At Creative Realities, we have identified five essentials for innovation. These are attitudes and behaviors that will make even the best-planned and best-executed innovation processes easier to pursue. In our experience, no innovation effort can reach its full potential without these five innovation essentials:
1. Cross Functional Communication
“What We Have Here is a Failure to Communicate”
If death certificates were written for failed innovation efforts, the cause of death frequently would have to be listed as failure to communicate. Good communication is essential in every phase of innovation, and it is particularly critical at those points where various parts of your organization—including ones that have little history of interaction with innovation efforts or have a record of negative interactions—have to come together to move your process forward.
At every step along the innovation highway, double-check to make sure the channels of communication between the necessary parties are open and operating smoothly. Be certain everyone understands the strategic vision and keep coming back to that in your communication as the touchstone around which all else revolves.
As you move through the various innovation phases and need to expand your innovation team, thoroughly communicate to new team members what has happened in previous stages and what their roles will be as you move forward. This sharing of information and expectations will help galvanize the newly expanded team into a cohesive unit.
Be alert for any signs of internecine warfare between various functional units that are involved in your innovation effort. Past differences can be put aside and strong new alliances can be formed if communication is handled properly. Sometimes, this may require the intervention of the decision makers to end turf battles. When things seem to bog down because of cross-functional differences, leaders must reemphasize their support for the strategic vision and for the innovation effort as an important step toward that vision.
Fill Your Suitcase with Resolve
Steadfastness in the face of seemingly insurmountable challenges is the hallmark of a true innovator. As Albert Einstein said, “I think and think for months and years. Ninety-nine times, the conclusion is false. The hundredth time I am right.” Organizations that aren’t willing or able to get to that hundredth time are the ones that end up as casualties along the innovation highway. Make “persistence pays!” your mantra, and it will guide you through to success.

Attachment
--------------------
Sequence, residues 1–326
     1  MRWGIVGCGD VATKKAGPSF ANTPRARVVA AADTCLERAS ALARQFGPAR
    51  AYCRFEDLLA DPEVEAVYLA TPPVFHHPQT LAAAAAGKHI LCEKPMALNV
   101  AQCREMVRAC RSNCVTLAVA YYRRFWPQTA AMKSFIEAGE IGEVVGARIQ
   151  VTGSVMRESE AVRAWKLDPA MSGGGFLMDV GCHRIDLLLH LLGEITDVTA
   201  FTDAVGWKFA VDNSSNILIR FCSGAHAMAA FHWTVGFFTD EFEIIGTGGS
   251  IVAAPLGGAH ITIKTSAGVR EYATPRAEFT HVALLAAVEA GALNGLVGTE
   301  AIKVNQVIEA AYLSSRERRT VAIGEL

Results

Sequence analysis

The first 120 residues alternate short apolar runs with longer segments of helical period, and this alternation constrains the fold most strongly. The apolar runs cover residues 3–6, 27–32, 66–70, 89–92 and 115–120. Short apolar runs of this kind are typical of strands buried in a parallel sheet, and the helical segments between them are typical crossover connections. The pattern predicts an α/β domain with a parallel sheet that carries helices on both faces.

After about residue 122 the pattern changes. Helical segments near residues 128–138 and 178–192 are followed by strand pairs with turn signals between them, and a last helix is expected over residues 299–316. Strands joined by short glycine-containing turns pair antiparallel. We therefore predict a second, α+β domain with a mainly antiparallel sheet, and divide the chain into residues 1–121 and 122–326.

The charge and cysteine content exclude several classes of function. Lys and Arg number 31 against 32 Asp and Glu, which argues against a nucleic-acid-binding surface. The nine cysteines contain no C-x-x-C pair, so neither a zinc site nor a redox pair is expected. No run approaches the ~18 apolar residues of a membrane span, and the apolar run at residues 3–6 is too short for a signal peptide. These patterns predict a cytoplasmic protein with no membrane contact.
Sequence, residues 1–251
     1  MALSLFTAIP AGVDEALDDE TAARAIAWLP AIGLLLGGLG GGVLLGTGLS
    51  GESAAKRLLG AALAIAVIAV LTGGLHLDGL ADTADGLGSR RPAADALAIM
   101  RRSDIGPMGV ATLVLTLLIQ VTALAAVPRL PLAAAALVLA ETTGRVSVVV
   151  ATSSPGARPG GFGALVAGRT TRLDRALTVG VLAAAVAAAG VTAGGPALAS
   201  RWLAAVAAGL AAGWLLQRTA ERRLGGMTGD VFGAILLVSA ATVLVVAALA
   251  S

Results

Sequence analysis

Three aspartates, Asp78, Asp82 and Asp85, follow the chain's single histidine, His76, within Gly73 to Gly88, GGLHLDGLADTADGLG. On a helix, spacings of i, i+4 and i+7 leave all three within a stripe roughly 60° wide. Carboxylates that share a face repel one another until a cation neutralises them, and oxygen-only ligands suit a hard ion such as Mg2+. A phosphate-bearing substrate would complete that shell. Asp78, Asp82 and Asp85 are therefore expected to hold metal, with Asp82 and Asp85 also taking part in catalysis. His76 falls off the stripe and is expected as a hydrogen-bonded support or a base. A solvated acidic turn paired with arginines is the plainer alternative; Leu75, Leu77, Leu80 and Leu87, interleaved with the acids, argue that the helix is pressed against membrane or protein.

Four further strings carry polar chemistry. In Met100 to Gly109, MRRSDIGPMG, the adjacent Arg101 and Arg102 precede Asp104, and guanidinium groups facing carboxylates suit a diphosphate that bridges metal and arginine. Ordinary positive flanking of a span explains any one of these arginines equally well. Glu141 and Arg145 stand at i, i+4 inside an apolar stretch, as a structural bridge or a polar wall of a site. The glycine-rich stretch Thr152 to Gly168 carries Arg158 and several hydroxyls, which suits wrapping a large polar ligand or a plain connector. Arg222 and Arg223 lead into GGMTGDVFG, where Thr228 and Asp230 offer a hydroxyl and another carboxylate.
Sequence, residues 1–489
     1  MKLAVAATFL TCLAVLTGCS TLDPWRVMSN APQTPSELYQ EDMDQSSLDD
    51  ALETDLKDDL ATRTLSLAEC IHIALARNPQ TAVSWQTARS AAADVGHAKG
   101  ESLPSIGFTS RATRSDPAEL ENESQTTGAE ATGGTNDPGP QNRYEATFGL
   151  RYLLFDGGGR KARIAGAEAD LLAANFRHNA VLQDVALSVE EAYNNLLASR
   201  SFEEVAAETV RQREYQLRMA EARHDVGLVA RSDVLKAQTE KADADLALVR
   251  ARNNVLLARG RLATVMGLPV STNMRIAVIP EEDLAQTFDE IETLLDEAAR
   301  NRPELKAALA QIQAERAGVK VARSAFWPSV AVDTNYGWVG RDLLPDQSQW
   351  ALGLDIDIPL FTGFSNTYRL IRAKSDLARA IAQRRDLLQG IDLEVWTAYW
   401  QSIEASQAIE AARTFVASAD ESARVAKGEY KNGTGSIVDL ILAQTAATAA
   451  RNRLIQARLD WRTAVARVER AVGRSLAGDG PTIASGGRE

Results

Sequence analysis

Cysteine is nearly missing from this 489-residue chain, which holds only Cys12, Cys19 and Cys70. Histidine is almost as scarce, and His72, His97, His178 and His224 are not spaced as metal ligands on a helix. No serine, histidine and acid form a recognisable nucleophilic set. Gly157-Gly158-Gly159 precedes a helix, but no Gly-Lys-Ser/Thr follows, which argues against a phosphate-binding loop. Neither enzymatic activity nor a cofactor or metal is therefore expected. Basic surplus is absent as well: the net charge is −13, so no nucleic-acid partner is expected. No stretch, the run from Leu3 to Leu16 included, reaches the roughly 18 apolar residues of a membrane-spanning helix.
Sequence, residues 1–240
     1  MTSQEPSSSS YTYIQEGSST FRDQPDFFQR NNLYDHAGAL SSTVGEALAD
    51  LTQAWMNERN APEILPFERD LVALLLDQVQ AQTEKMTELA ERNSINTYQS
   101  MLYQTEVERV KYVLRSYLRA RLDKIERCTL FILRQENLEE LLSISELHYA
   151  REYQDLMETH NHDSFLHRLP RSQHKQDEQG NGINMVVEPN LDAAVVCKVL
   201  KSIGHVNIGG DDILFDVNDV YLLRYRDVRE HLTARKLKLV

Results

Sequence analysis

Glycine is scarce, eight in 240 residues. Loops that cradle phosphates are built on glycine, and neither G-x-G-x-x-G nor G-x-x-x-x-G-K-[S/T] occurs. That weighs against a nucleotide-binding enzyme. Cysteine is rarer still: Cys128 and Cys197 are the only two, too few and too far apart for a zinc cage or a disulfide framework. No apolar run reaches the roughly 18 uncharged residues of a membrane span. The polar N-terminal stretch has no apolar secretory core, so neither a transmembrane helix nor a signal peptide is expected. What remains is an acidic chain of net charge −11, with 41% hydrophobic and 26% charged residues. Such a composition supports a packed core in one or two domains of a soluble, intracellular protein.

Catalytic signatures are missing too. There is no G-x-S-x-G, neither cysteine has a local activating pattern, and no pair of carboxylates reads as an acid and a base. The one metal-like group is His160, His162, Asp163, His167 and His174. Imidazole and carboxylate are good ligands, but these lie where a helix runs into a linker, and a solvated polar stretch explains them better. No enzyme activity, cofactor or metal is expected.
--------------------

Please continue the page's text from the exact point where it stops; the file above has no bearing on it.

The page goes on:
3. Trusting Your Educated Gut
Where Insights Come From
Trusting your educated gut is exceedingly hard for some people and for many organizations. If you are in a company that lives and dies by market research numbers, it will be difficult to convince people that following your collective intuition is often a better way to achieve innovation. Yet your collective intuition is often a better way to achieve innovation. Yet time and again, I have seen this proven. And, the astronomically high failure rate of allegedly fully tested new products and services alone makes a strong statement about the ineffectiveness of basing everything on the numbers and ignoring what your educated gut says.
The good news is that going with your educated is habit forming. Once you you’ve had some success trusting the insights that come from your collective wisdom, it becomes easier to do it again. Making this cultural change may take awhile, but if you are persistent (there’s that word again), it can be done and greater success will follow.
4. A Willingness to Try Many Paths
There is No One Way
There is no one right ay to innovate and no one can provide you with a road map that is guaranteed to lead you to success. You must be willing to explore many paths and veer off on detours that your gut tells you might be interesting. Yes, detours can be time-consuming and you might waste some gas (and run into some dead ends), but remember that traveling only on interstate highways is generally mind numbing and rarely leads you through majestic scenery. Besides, that’s where everyone else is driving and the possibility of finding truly breakthrough ideas out in that heavy traffic is limited.
Just as I’ve advices you to fill your innovation portfolio with a variety of ideas ranging from incremental to breakthrough, I encourage you to be willing to venture off the beaten path in pursuit of those ideas. Visit other worlds (i.e. other industries) and snoop around in parts of your own organization where you don’t normally roam. I guarantee that down on of those paths you will come across something unexpected and extremely valuable.
5. Learning From Failure
Through the centuries, untold numbers of innovations have resulted from what initially appeared to be mistakes. If your organization has any hope of being innovative, it must accept mistakes and, equally important, learn from them. Leaders who insist that their people operate mistake-free have no business on the innovation highway—and, sooner or later, they will have no business at all.
Accept the wisdom of legendary jazz saxophonist and composer Ornette Coleman who is credited with developing atonal, free-form jazz. As Coleman put it, “it was when I found out I could make mistakes that I knew I was on to something.” Innovation is all about mistakes. You’ll get it wrong more often than you’ll get it right. But if you learn something from each wrong step and each dead end you eventually will get it right.
Above all, remember the advice of Miss Fizzle, the teacher of The Magic School Bus: “Take chances… get messy… make mistakes.”